BVA wrongly denies Veteran service connection for leg paralysis pursuant to 38 U.S.C. § 1151
The Veteran served on active duty in the United States Navy from May 1958 to June 1962. Years later, in December 2007, the Veteran underwent an abdominal surgery at a Texas VA facility that left him paralyzed in his left leg. The Veteran was eventually diagnosed with plexopathy of the left leg with paralysis. This condition was noted to be secondary to exploratory laparotomy and retroperitoneal dissection, performed secondary to a liprosarcoma.
The Veteran underwent a VA examination in 2010. The purpose of the exam was to access whether the loss of use of his left lower extremity was the direct result of VA treatment. The examiner opined that the surgery appeared to meet the standard of care. He determined that the VA had not practiced carelessness, negligence, lack of proper skill, or error in judgment, during surgery. However, a 2012 private physician disagreed with the VA examiner, and stated the surgical method made the resulting disability more likely. In a 2015 addendum opinion, the original VA examiner failed to alter or supplement his original opinion. He stated only that he neither “endors[ed] nor contradict[ed]” the 2012 opinion. In August 2016 the Board denied compensation under 38 U.S.C. § 1151, based on the 2010 and 2015 examination and addendum.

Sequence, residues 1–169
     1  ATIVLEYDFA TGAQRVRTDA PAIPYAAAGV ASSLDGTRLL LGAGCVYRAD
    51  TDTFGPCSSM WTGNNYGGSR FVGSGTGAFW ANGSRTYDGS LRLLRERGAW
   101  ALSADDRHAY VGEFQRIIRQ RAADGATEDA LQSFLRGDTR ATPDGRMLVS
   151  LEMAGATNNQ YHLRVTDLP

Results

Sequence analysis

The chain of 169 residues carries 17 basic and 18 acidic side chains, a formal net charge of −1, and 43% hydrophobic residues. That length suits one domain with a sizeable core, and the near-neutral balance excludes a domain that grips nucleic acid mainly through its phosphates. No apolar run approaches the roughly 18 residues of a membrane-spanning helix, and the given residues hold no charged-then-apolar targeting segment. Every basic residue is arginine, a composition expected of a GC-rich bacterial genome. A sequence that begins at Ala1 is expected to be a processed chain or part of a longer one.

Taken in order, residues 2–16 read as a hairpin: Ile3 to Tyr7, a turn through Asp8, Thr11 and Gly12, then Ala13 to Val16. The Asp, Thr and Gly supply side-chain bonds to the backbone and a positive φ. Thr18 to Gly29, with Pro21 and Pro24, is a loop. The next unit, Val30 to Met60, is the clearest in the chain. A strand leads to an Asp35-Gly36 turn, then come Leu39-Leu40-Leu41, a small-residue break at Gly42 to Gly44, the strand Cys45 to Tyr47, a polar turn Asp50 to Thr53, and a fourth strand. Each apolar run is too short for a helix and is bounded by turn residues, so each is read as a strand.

The Board denied compensation pursuant to 38 U.S.C. § 1151
In August 2016, the Board denied compensation under section 1151. It determined the VA examiner’s opinions more probative than that of the private physician’s. Accordingly, the Board found the Veteran did “not suffer additional disability due to carelessness, negligence, lack of proper skill, error in judgment, or similar instance of fault on VA’s part in furnishing the medical or surgical treatment, or that the residuals were not reasonably foreseeable.”
CCK appeals to the Court
CCK appealed the August 2016 denial of compensation under section 38 U.S.C. § 1151 to the Court. In its decision, the Board provided inadequate reasons and bases for relying on the VA examiner’s opinion. It also failed to show how this exam was more probative than the contradicting opinion of the private physician.
CAVC agrees with CCK’s arguments
CCK argued, and the Court agreed, that the Board was in error. Specifically, it provided inadequate reasons and bases for relying on a VA examination and addendum opinion. The Court found that the VA examiner should have provided further rationale on what the standard of care was and why it was met. It also agreed that the Board did not properly address the contradicting opinion of the Veteran’s physician. The Court therefore remanded the decision for further development and adjudication.
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